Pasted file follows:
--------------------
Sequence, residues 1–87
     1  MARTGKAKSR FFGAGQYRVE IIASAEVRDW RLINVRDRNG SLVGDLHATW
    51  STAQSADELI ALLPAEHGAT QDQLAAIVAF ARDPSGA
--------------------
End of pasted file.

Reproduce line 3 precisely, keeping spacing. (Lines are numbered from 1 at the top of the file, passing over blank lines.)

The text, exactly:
    51  STAQSADELI ALLPAEHGAT QDQLAAIVAF ARDPSGA